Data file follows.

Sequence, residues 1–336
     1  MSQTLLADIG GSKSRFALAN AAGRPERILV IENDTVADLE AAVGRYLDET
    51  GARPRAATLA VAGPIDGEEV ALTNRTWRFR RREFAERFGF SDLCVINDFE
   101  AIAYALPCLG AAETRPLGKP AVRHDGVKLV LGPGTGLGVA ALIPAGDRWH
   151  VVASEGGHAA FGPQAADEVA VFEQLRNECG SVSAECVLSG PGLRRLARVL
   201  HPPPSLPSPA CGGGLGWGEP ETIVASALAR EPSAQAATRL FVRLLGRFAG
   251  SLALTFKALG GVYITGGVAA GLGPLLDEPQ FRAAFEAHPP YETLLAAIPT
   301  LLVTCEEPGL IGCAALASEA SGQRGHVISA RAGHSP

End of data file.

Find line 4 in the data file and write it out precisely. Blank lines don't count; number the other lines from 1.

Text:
   101  AIAYALPCLG AAETRPLGKP AVRHDGVKLV LGPGTGLGVA ALIPAGDRWH